State of the American MindThe State of the American Mind, Mark Bauerlein and Adam Bellow eds. West Conshohocken, PA: Templeton Press, 2015. The contributors in this volume chart the factors contributing to and consequences of what they see as a declining intellectual life in the United States.

God is Great, God is GoodGod is Great, God is Good, William Lane Craig and Chad Meister, eds. Downers Grove: InterVarsity Press, 2009. This collection of essays provides thoughtfully reasoned responses to the leading challenges to Christianity posed by the New Atheism.

FrameA History of Western Philosophy and Theology, John Frame. Phillipsburg, NJ: Puritan and Reformed Publishing Company, 2015. A survey and critique of the major philosophers and theologians of the West beginning with the Greek philosophers and early church fathers up to the present day, written from a reformed perspective.

LiberalWhat’s Liberal About the Liberal Arts?, Michael Bérubé. New York: Norton, 2006. This is a spirited defense of liberalism and the liberal idea by a literature professor against accusations of “liberal bias”. The argument includes extensive description of the author’s own classroom practice.

SurrealitySurrealityBen Trube. CreateSpace Independent Publishing Platform, 2015. The murder of Franklin Haines in virtual reality is paralleled with the real theft of $80 million from him. A prostitute is missing, a deadly gang that operates in both cyberspace and the real world threaten murder and mayhem, and Detective Dan Keenan, his real world and virtual world partners and a penguin named Tux work together to find the real criminal behind this web of crime. [Ben Trube is my son.]

Redeeming SexRedeeming Sex, Debra Hirsch. Downers Grove: InterVarsity Press, 2015. Hirsch explores how the church ought engage society around issues of sexuality, discussing the connection of spirituality and sexuality, the nature of gender, orientation and our sexuality, and how the church holds in tension the image of God in people and the ethics of various sexual expressions.

church for the fatherlessChurch for the Fatherless, Mark E. Strong. Downers Grove: InterVarsity Press, 2012. Mark Strong chronicles both the crisis of fatherlessness in our society and the vital role the church can play in equipping fathers and caring for the fatherless.

beowulfBeowulfunknown, Seamus Heaney (translator). New York: W.W. Norton, 2000. Seamus Heaney’s translation of this Old English poem, the heroic narrative of Beowulf’s confrontations with three deadly foes.

divine sexDivine Sex, Jonathan Grant. Grand Rapids: Brazos Press, 2015. Jonathan Grant argues that a powerful “social imaginary” shapes sexual expression even within the Christian community and only communities that live and articulate a “thick” alternative vision can hope to have a formative influence on the lives of Christian disciples.

incredible unlikeliness of beingThe Incredible Unlikeliness of Being, Alice Roberts. New York: Heron Books, 2014. An evolutionary account of human embryological development from even before conception through birth  and of human anatomy and its evolutionary antecedents.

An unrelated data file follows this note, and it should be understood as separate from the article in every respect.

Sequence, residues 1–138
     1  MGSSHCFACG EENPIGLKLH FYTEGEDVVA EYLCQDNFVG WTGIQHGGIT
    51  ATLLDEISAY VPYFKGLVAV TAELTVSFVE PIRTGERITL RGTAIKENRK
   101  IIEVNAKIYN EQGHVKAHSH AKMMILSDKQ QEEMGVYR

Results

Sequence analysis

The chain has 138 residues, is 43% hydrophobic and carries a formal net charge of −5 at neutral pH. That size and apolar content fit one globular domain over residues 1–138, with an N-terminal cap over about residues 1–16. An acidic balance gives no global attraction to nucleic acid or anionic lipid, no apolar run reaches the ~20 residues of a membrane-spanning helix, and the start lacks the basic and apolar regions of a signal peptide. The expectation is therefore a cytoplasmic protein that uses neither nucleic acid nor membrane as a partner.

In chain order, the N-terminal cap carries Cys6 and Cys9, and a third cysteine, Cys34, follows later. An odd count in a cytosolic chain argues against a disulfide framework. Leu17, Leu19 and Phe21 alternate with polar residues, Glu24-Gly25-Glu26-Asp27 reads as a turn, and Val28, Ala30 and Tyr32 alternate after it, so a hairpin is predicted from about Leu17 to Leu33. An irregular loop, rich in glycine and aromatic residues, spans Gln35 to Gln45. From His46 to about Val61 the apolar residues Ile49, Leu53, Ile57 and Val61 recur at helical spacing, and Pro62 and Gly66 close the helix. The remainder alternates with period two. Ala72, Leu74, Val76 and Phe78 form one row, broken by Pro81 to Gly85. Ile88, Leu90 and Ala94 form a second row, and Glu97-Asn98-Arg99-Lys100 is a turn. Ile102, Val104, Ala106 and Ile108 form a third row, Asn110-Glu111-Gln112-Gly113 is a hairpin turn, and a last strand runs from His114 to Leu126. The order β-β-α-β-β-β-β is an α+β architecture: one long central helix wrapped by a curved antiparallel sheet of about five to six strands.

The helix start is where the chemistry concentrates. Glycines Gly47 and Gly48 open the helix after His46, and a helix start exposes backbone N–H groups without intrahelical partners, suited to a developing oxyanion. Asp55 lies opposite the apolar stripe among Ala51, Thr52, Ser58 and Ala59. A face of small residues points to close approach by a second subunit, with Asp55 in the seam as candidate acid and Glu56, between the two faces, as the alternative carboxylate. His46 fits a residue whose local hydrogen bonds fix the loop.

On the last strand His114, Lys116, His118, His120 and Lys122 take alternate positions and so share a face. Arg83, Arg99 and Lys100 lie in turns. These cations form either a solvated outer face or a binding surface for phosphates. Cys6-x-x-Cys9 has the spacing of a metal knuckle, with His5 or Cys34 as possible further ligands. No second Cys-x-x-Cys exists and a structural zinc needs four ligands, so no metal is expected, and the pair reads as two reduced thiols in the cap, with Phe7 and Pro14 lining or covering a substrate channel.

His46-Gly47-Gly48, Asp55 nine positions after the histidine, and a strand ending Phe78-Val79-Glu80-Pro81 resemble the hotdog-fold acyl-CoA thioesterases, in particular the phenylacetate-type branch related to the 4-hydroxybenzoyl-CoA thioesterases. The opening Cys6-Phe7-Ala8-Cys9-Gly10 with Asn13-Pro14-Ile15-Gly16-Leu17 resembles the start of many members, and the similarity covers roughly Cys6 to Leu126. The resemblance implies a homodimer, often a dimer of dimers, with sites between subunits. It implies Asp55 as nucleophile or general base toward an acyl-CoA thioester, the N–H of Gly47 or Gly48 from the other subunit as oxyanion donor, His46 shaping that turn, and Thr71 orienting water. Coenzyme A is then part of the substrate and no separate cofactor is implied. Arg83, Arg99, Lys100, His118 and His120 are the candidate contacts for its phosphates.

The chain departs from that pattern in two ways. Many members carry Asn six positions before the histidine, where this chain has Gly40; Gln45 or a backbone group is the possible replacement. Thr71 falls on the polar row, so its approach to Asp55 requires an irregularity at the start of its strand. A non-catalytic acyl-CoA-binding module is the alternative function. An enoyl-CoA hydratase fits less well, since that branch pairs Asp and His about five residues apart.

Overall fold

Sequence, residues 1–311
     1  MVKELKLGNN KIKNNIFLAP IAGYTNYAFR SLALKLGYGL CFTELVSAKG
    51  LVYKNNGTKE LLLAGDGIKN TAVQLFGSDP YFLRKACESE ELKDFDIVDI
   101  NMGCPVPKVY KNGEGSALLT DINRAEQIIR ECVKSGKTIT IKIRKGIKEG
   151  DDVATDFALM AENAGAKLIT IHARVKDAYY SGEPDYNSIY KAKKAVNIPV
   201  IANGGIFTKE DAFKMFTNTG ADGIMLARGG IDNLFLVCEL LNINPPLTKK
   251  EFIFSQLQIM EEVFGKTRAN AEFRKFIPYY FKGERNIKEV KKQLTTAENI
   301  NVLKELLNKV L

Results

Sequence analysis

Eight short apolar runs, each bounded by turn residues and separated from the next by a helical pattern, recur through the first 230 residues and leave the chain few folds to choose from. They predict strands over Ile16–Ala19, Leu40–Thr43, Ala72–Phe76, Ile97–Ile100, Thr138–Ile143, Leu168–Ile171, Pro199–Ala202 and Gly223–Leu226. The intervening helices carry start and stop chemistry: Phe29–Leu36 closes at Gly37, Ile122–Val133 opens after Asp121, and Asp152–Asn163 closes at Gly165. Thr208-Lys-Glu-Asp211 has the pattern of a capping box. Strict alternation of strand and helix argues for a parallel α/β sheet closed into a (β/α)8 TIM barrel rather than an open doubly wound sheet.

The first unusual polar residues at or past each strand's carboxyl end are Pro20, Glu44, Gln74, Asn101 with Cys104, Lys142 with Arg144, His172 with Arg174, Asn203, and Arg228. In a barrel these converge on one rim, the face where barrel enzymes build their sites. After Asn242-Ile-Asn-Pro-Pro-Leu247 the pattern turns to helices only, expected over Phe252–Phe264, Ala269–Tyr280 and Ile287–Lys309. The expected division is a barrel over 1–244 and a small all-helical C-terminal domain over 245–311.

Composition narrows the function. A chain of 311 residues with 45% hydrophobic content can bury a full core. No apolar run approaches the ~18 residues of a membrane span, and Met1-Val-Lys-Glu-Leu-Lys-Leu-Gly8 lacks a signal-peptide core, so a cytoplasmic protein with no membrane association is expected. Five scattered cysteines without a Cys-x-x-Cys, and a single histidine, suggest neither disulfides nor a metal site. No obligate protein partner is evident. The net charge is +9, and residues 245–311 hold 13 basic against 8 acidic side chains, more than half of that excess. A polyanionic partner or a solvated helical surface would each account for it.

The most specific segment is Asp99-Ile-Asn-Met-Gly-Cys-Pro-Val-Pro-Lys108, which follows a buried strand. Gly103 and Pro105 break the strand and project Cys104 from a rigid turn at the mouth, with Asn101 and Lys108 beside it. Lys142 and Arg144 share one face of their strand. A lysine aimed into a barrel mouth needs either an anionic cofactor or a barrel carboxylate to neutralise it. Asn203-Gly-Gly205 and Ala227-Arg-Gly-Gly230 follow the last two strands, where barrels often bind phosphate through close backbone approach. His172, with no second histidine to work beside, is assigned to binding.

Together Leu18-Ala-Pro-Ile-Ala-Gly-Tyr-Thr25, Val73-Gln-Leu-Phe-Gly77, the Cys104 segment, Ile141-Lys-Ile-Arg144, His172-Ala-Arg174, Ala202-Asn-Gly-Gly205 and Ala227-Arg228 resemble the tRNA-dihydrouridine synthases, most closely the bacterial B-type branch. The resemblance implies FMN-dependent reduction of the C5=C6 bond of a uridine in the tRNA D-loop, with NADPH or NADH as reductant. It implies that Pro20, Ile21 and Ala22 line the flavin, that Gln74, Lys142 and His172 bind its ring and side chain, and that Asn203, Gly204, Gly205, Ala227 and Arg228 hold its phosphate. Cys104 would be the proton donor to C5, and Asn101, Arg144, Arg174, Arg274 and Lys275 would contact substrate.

Best book of the month: Beowulf gets the nod just barely over Bel Canto. I was captured by the power of Seamus Heaney’s translation as well as the profound richness of the story itself.

Best quote of the month: Again, I am going to go with Beowulf. Hrothgar’s warning to Beowulf is one all of us do well to heed:

“O flower of warriors, beware of that trap.
Choose, dear Beowulf, the better part,
eternal rewards. do not give way to pride.
For a brief while your strength is in bloom
but it fades quickly; and soon there will follow
illness or the sword to lay you low,
or a sudden fire or surge of water
or jabbing blade or javelin from the air
or repellent age. Your piercing eye
will dim and darken; and death will arrive,
dear warrior, to sweep you away.

On the TBR pile: Among the books I’m reading or anticipate reviewing in the coming month are Wallace Stegner’s fictional biography of Joe Hill, an early labor organizer, John Walton’s book on Genesis 2 and 3, R.C. Sproul’s book on Matthew 24, an account of the eruption of Mt. St Helens and a memoir of theologian Tom Oden and Jon Meacham’s biography of George H.W. Bush.

Thanks again for following the blog in 2015 and, if you get a chance, let me know about something good that you have read!

 

Review: Bel Canto

Bel CantoBel Canto, Ann Patchett. New York: Harper Perennial, 2005.

Summary: An international group gathered in a South American country for a dinner party to celebrate a Japanese industrialist’s birthday are taken hostage in a failed attempt by a revolutionary group to seize the country’s president. When months pass without a resolution a strange, an oddly wonderful community develops among hostages, and captors, one strangely forgetful of the inevitabilities of a hostage situation.

Roxane Coss is a world-renowned opera soprano from America who agrees to fly into a South American country to sing at the birthday of Japanese industrialist Mr. Hosokawa, who has loved her voice from the moment he first heard it. He is joined by his ever-diligent translator Gen Watanabe and celebrated by an illustrious cast of dignitaries at the home of the country’s Vice-President. President Masuda is also expected to be present in this ill-disguised attempt to persuade Hosokawa to locate a factory in the country. But President Masuda, stays home at the last minute to watch his favorite soap opera.